Chandra Catches Milky Way Monster Snacking
This false-color image shows the central region of our Milky Way
Galaxy as seen by Chandra. The bright, point-like source at the
center of the image was produced by a huge X-ray flare that
occurred in the vicinity of the supermassive black hole at the center
of our galaxy.
For the first time astronomers have detected material
being consumed by the supermassive black hole in our own
backyard. A violent, rapid X-ray flare,
captured by NASA's
Chandra X-ray Observatory, has been observed from the
direction of the supermassive black hole that resides at the
center of our Milky Way Galaxy.
A team of scientists, led by Fredrick K. Baganoff of the
Massachusetts Institute of Technology (MIT) in Cambridge,
detected a sudden X-ray flare while observing Sagittarius A*,
a source of radio emission believed to be associated with the
black hole at the center of our Galaxy.
"This is extremely exciting because it's the first time we
have seen our own neighborhood supermassive black hole devour
a chunk of material," Baganoff said. "It's as if the material
there sent us a postcard before it fell in."
In a few minutes, the source brightened dramatically,
eventually reaching a level 45 times brighter than before the
flare. After about three hours, the X-ray intensity rapidly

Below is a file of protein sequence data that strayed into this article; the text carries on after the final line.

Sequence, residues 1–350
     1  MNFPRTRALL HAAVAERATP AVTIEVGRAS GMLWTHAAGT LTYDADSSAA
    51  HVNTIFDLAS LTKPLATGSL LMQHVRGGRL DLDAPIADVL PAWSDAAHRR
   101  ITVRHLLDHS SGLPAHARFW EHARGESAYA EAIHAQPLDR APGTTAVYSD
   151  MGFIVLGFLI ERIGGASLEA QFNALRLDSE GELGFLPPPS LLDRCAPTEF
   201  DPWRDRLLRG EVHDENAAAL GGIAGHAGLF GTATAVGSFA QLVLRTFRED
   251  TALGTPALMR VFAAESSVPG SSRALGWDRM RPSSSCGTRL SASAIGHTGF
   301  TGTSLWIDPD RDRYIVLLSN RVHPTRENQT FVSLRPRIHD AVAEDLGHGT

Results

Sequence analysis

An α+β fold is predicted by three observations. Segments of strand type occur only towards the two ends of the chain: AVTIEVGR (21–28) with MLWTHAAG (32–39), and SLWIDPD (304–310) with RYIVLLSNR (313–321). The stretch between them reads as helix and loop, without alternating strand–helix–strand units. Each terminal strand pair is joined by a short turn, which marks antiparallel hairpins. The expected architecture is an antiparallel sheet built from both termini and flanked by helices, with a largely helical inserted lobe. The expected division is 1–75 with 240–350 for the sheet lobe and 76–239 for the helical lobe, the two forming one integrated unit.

declined to the pre-flare level. "The rapid rise and fall of
the X-rays from this outburst are compelling evidence that
the X-ray emission is coming from matter falling into a
supermassive black hole, confirming that it is powered by the
same accretion process as quasars and other active galactic
nuclei," said Baganoff.
Baganoff added that the data also provide the best look yet
at the area just outside this event horizon, the surface of
"no return" for matter or light falling into a black hole.
Studies of the central region of our Milky Way Galaxy in the
infrared and radio wavebands indicate the presence of a
large, dark object, presumably a supermassive black hole,
having the mass of about 3 million suns. The faintness of
Sagittarius A* at all wavelengths, especially in X-rays, has
puzzled scientists who expected that the infalling matter
should shine more brightly on its way in, and this has left
some room for doubt.
The latest precise Chandra observations of the crowded
galactic center region have dispelled that doubt. Given the
extremely accurate position, it is highly unlikely that the
flare is due to an unrelated contaminating source such as an
X-ray binary system.
"The rapidity of the variations in X-ray intensity indicate
that we are observing material that is as close to the black
hole as the Earth is to the Sun," said Gordon Garmire of
Pennsylvania State University, University Park, principal
investigator of the Advanced CCD Imaging Spectrometer (ACIS),
which was used in these observations.
"It's truly remarkable that we could identify and track this
flare in such a crowded region of space," said Mark Bautz of
MIT. "This discovery would not have been possible without the
resolution and sensitivity of Chandra and the ACIS
Baganoff and his colleagues first observed Sagittarius A* with ACIS
on Sept. 21, 1999, and again on Oct. 26-27, 2000. The X-ray flare was
detected in the second observation.
Other members of the team include: Niel Brandt, George
Chartas, Eric Feigelson and Leisa Townsley, all from Penn
State; Yoshitomo Maeda, Institute of Space and Astronautical
Science, Japan; Mark Morris, UCLA; George Ricker, MIT; and
Fabian Walker, California Institute of Technology, Pasadena.